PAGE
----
Civil Liberties

The rights of many Virginians are under attack by those in the General Assembly who disapprove of who they are or the decisions they make, purportedly for religious reasons. Yet, the very doctrine they profess to protect demands compassion for all people, leaving judgment or condemnation to a higher power than government. Jennifer is committed to ensuring that Virginia lives up to the ideals of the Declaration of Independence that all men and women are created equal.

As a Virginia Legislator, a person of deep faith, a mother, wife, sister, daughter, and member of a community, Jennifer strives to both advocate and provide legislation that ensures the safety, resources, and equal access to civil liberties for all men, women, and children regardless of race, gender, sexual orientation, religious background, and socioeconomic status.  

Women’s Rights

Jennifer vehemently believes that the government has no place in the profoundly personal decision of whether to use contraception or have an abortion. She is committed to protecting access to contraception and a woman’s right to choose. She also believes in equal pay for equal work and has worked to increase opportunities for women and minority owned businesses. Jennifer has demonstrated leadership in efforts in the General Assembly to protect women's rights by

  • Opposing "personhood" legislation which would not only make most forms of contraception, in vitro fertilization, and abortions illegal in Virginia, but impact every aspect of pregnancy from conception to delivery,
  • Opposing legislation mandating that prior to having an abortion, a women must have an ultrasound—a medically unnecessary and costly procedure,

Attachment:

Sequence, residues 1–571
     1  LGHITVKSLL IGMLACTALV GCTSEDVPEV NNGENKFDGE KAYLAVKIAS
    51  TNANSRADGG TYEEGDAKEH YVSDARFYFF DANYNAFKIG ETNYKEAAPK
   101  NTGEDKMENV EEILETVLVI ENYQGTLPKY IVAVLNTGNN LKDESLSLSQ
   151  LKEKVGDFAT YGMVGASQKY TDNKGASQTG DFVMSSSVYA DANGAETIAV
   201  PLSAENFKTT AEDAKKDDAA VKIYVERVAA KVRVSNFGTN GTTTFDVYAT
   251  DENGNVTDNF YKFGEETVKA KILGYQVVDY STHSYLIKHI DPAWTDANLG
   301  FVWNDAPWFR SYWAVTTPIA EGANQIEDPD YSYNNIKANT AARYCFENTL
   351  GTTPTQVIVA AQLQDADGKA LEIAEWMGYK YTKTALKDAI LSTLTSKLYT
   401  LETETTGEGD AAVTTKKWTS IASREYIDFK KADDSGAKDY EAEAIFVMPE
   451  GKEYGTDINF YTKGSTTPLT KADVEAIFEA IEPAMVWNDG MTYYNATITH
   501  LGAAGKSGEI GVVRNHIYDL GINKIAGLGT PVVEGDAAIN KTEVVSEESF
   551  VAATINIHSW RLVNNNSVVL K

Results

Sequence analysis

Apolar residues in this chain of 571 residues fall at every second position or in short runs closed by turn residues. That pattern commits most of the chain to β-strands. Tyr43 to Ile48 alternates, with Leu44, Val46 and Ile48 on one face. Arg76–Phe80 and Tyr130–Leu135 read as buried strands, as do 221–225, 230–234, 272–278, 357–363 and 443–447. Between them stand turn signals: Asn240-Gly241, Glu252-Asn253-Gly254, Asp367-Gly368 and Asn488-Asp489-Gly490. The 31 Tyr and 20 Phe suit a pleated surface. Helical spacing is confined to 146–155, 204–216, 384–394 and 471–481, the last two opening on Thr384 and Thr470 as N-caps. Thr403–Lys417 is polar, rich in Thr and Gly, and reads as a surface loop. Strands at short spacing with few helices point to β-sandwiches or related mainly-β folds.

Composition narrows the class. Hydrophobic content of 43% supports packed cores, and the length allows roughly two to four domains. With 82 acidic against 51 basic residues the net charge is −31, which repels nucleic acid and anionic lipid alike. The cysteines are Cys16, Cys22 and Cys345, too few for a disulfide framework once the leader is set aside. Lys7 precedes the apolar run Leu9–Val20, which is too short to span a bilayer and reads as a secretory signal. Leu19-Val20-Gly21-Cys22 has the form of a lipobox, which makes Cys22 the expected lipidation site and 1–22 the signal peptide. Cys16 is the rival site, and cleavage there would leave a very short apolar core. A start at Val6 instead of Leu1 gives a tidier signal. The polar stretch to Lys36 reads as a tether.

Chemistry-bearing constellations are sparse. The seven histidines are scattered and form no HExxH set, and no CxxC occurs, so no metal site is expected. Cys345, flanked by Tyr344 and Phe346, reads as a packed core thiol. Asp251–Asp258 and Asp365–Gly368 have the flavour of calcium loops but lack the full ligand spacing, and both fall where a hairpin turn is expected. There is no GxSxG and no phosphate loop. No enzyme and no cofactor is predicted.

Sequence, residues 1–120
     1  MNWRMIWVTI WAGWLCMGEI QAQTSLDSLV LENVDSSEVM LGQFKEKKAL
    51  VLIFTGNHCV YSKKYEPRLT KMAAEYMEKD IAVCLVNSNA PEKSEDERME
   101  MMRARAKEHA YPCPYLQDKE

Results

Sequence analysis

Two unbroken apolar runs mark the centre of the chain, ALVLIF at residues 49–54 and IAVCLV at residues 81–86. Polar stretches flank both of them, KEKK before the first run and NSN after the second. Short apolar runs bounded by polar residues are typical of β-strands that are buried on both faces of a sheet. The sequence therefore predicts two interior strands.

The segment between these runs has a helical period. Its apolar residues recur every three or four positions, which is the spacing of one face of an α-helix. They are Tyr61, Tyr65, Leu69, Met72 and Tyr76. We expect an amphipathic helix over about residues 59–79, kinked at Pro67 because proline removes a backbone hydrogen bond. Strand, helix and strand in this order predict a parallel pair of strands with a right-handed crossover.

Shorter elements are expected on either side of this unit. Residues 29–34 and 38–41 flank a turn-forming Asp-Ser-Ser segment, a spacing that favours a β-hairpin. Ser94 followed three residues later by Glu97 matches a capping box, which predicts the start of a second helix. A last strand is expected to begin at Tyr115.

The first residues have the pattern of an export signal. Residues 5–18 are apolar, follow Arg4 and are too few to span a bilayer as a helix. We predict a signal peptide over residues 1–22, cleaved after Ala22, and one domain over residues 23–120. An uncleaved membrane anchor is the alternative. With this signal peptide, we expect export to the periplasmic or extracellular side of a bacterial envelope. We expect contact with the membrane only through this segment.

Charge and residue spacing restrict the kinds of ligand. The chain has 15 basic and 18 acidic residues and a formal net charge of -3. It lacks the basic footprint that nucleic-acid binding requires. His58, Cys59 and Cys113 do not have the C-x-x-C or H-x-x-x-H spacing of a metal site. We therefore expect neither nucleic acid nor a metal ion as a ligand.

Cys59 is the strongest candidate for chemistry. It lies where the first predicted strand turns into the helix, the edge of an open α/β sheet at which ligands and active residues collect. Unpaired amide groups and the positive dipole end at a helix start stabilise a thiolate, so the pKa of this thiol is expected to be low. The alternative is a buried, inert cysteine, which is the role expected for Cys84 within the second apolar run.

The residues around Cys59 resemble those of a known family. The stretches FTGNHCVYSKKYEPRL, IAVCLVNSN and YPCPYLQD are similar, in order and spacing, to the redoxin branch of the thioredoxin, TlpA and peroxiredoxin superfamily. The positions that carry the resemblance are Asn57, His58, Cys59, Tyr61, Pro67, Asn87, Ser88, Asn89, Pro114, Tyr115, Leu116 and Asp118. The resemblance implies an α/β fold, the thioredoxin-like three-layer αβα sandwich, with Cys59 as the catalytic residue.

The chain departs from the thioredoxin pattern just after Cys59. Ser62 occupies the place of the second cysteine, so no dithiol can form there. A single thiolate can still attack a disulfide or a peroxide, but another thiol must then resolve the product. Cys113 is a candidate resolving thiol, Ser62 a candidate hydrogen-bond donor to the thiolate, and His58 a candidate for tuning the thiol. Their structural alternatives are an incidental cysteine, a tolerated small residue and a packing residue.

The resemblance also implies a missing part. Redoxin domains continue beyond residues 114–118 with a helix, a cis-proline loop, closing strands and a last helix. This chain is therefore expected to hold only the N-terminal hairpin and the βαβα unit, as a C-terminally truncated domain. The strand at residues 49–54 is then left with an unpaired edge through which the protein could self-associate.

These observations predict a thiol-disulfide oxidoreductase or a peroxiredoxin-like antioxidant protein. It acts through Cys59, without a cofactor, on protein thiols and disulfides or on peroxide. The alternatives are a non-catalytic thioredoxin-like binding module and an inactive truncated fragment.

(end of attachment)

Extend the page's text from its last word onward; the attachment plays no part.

• Opposing legislation denying Medicaid funding for abortions when a physician certifies that the fetus would be born with a "gross and totally incapacitating physical deformity or mental deficiency,"
  • Sponsoring legislation eliminating the requirement for a 30-day waiting period prior to a sterilization operation for persons who have not had or adopted a child, and
  • Sponsoring legislation that increases opportunities for women and minority owned businesses to participate in the procurement process.

LGBTQ Rights

Jennifer is committed to ensuring that all Virginians, regardless of their sexual orientation and gender identity, are afforded the same rights and civil liberties.  Jennifer is proud to work with Equality Virginia to fight discrimination in any form, and she is pleased to have received a 100% rating on Equality Virginia Advocates' legislative scorecard. Jennifer has worked to promote equality by

  • Co-sponsoring legislation to prohibit discrimination in employment based on sexual orientation,
  • Introducing legislation to define "bullying" and require school boards to develop anti-bullying policies and procedures to create a bully-free environment,
  • Opposing legislation that would allow discrimination in public university student organizations,
  • Co-sponsoring legislation that would have overturned Virginia's ban on gay marriage, and
  • Fighting for the election by the General Assembly of the first openly-gay member of the Virginia judiciary.